The possibility of Wichita State joining the American Athletic Conference has been discussed at the presidential level and is seen as increasingly likely, according to several sources in college athletics who recently spoke on the topic on the condition of anonymity.
A source directly connected to AAC members described Wichita State’s candidacy as strong and expectations among many schools are that the Shockers will be added. Another source involved in college athletics termed it “almost inevitable.”
A timetable is unclear for the possible addition of the Shockers, who would join the AAC for all of its current sports and give the conference a 12th basketball member.
Nine of the conference’s 12 members (football-only Navy will vote) are required to approve a new member. A vote could happen at spring meetings or by conference call.
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No American or Wichita State officials have publicly confirmed the possibility of expansion.
People at American schools, Wichita State and the Missouri Valley Conference routinely decline comment on the matter because of the sensitivity of the expansion topic.
The American is, perhaps, interested in the addition to strengthen its basketball product and balance the schedule with a 12th school. Wichita State is looking for a home for athletics that would provide its powerful men’s basketball program a bigger stage and better opponents. WSU also wants to be aligned with higher-profile schools that are more similar to it in location and academic mission than the MVC’s mix of four private and five other public schools, all located in Illinois, Indiana, Iowa and Missouri.
National media reports add to the growing mood that Wichita State is well down the road to leave the MVC for the American.
“Conversations with sources around college sports this week revealed Wichita upgrading its league — likely to the American Athletic Conference — as a distinct possibility in the near future,” Pete Thamel of Sports Illustrated wrote last week. “This could happen in as soon as the next few months or may take a year or two. But the odds are increasing that the Shockers will end up somewhere else, with the AAC offering the highest profile and making the most sense.”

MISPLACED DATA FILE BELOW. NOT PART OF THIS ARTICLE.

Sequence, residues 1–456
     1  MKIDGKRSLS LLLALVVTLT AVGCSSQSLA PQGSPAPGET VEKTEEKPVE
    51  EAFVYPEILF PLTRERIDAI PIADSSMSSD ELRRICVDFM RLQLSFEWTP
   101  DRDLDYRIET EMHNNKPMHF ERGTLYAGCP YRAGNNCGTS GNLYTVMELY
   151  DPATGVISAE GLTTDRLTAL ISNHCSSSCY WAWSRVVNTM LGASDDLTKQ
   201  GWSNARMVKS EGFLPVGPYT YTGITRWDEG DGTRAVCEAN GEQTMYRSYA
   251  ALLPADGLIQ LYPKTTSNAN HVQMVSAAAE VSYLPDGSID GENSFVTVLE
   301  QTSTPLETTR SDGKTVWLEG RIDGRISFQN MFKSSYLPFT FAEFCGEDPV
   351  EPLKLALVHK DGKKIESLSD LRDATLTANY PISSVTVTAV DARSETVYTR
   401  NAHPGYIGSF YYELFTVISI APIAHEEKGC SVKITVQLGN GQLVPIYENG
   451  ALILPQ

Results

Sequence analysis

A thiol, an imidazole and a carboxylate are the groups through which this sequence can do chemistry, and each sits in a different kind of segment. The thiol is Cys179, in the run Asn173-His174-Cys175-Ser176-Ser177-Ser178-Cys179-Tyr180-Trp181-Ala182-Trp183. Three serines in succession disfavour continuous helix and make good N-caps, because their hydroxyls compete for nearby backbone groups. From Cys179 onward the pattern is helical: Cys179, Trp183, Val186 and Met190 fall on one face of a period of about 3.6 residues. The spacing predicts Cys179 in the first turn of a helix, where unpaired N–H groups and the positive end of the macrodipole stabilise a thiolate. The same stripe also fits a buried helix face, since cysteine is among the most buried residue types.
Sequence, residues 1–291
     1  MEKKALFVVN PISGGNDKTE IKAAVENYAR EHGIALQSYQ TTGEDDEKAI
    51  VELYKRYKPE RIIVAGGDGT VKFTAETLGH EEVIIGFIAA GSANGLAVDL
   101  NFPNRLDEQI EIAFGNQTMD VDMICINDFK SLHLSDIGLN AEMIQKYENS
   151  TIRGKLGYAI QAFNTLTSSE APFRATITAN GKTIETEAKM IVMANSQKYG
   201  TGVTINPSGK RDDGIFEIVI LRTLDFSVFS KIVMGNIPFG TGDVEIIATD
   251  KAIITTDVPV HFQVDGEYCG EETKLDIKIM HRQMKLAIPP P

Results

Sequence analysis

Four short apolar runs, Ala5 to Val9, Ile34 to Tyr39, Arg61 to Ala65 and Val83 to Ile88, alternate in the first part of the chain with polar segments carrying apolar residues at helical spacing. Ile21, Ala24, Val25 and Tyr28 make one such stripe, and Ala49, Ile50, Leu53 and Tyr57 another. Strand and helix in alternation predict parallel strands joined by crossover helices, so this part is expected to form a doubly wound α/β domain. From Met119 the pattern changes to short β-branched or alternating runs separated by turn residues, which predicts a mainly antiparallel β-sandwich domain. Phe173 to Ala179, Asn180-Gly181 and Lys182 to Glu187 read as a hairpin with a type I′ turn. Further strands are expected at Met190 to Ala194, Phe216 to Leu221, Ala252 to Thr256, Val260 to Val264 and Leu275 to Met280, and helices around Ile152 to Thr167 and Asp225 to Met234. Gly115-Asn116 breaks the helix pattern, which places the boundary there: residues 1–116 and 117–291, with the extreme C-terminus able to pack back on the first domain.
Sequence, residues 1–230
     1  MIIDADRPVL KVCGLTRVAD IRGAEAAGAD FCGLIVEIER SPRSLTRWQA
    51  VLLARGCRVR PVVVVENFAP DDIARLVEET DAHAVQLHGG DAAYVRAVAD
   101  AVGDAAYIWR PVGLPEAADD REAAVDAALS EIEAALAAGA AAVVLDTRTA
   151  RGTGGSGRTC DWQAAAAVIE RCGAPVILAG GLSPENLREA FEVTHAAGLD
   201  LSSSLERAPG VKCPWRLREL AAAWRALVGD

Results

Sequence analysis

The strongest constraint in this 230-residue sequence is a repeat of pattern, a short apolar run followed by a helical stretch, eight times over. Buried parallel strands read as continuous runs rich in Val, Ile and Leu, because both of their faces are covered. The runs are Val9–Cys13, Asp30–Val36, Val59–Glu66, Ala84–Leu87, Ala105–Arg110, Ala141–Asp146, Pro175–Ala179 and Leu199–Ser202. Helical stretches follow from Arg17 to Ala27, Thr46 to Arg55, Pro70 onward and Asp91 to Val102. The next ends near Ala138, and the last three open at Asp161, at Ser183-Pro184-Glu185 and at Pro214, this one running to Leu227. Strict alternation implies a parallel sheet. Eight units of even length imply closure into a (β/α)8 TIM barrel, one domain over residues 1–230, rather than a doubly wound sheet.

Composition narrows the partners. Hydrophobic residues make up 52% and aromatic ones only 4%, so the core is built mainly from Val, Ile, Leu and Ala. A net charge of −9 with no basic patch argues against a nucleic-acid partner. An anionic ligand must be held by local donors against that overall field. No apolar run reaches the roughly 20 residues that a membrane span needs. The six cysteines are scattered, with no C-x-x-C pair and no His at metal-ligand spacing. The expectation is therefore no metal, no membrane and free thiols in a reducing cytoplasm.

“It wouldn’t be a genuine response if I said we weren’t concerned,” MVC commissioner Doug Elgin told Sports Illustrated. “We want them to stay. Losing Creighton was a blow to the league. Losing Wichita State would be the same.”
Speculation about WSU’s interest in the American started in December 2015, when the university announced its plans to evaluate its conference options and the addition of sports. President John Bardo’s desire to associate Wichita State with schools he views as similar institutions — such as AAC-members Memphis, Houston and Cincinnati — drives his interest to help the school’s enrollment, academic and athletic goals.
“We’re an emerging major research university,” Bardo said in 2015. “If you look at what’s happening around the United States, major research universities are the core drivers of those cities that are being successful. We really feel that change in society has positioned us differently.”
Earlier this month, AAC commissioner Mike Aresco batted down rumors of the addition of three basketball schools, while perhaps leaving the door open for one in an interview on Sirius XM radio.
“We have 11 basketball members,” Aresco said. “I’m not certain what we’ll do in the future. We’re always evaluating our basketball to see if we can make it stronger. Right now, there is nothing going on. On the basketball side … we always explore whether we can strengthen ourselves. Until something is actually happening or would happen, I’m not going to comment.”
Also in early March, Mark Blaudschun of TMG College Sports reported that the American, at the presidential level, was discussing affiliate members Wichita State, Dayton and VCU.
The possibility of leaving of MVC is taken seriously by multiple sources in the WSU athletic department, some of whom believe it to be a likely outcome. Others are much less certain. All say leaving the MVC for the American is the desired goal of the university, for academic, enrollment and athletic reasons. Some athletic department personnel have gone as far as to calculate travel expenses in a conference that stretches to Connecticut and Florida.
AAC members are Houston, Memphis, Tulsa, Tulane, SMU, Temple, South Florida, Cincinnati, Connecticut, East Carolina, Central Florida and football-only Navy.